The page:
|Adult heart||Birmingham, Glasgow, Harefield, Newcastle, Papworth, Wythenshawe|
|Adult lung||Birmingham, Harefield, Newcastle, Papworth, Wythenshawe|
|Paediatric heart/lung||Great Ormond Street, Newcastle|
The table is above is believed to be correct at the time of completing this page, and only contains information about which units perform the relevant transplants, and not about whether they are recognised for training, which should be confirmed with the relevant unit before making applications to particular regions based on training for transplant surgery!
The British Transplantation Society have drawn up a curriculum for transplant training within General Surgery HST programmes, which is available at the Intercollegiate Surgical Curriculum Project. This includes experience in vascular surgery, in which training opportunities are becoming more limited, a situation which may become more acute if vascular surgery separates from General Surgery as has been proposed. Those on General Surgery programmes are advised to inform their Programme Directors early if intending to train in transplantation.
A well-run training programme should allow the right trainee to train in transplantation of at least one of the major organs in adults within the part of a training programme dedicated to subspecialty training, but further experience may be necessary after completion of specialist training and award of CCT, especially for more advanced areas such as paediatric transplantation or split-liver transplantation. Post-CCT fellowships are increasingly being advertised within the UK, and fellowships abroad are also popular.
In 2009, a number of nationally-funded post-CCT fellowships were available in organ retrieval, laparoscopic donor nephrectomy, and split-liver transplantation. At the present time it is not clear whether this funding will be continued, reduced or even increased. Given the cuts which will be needed in public spending in the near future, it is likely that funding for these posts will be reduced or stopped.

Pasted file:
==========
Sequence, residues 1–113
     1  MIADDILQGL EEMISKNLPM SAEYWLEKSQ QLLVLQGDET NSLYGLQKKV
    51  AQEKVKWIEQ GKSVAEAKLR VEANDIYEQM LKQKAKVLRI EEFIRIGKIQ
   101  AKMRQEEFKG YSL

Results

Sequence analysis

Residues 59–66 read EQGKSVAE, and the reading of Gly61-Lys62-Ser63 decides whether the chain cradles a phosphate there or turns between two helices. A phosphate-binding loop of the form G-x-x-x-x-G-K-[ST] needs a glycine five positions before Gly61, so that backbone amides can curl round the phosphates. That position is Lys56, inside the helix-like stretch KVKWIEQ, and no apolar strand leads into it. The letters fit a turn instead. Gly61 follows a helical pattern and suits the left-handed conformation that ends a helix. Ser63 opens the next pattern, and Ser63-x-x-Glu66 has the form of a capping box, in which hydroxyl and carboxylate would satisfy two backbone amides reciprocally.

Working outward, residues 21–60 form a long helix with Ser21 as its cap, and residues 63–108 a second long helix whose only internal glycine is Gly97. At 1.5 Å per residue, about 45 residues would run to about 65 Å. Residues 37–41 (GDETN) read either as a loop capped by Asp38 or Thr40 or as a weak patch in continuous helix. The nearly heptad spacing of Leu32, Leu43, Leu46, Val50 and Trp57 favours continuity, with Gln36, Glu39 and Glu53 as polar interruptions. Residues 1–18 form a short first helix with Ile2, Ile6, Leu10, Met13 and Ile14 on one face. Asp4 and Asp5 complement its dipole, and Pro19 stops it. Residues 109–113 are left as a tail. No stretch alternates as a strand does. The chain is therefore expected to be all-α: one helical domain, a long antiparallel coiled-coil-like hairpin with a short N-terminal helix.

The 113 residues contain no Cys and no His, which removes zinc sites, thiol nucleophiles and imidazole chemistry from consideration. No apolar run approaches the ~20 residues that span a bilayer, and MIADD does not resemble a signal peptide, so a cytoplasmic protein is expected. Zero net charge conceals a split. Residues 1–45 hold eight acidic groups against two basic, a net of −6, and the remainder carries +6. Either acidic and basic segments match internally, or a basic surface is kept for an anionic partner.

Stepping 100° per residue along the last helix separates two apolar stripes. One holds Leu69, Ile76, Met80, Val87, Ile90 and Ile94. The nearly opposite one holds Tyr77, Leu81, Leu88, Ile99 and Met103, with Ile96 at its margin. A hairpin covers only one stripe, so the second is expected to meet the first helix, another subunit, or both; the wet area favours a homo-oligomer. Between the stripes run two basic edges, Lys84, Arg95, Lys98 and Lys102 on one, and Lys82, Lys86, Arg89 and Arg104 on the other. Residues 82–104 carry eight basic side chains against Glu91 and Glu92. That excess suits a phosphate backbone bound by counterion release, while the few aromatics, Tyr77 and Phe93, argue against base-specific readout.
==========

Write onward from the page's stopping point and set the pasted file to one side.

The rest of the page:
Overseas fellowships, especially in the United States, have long been popular with transplant trainees, but there are specific requirements for training recognition (which may include exams) and visas, again especially for the United States.
If coming to the United Kingdom to gain experience in organ transplantation, please be aware that posts differ considerably in their working patterns and educational opportunities. The term “clinical fellow” is very vague in the UK, and can be anything from advanced post-CCT training down to a ward-based junior post. The requirements for formal recognition of a training post are relatively strict, so some posts in smaller units which are not recognised for Higher Surgical Training can still offer valuable training opportunities to the right person. When applying for a post, it is important to visit the centre and determine what is on offer from an advertised post as well as what will be expected from the trainee after appointment.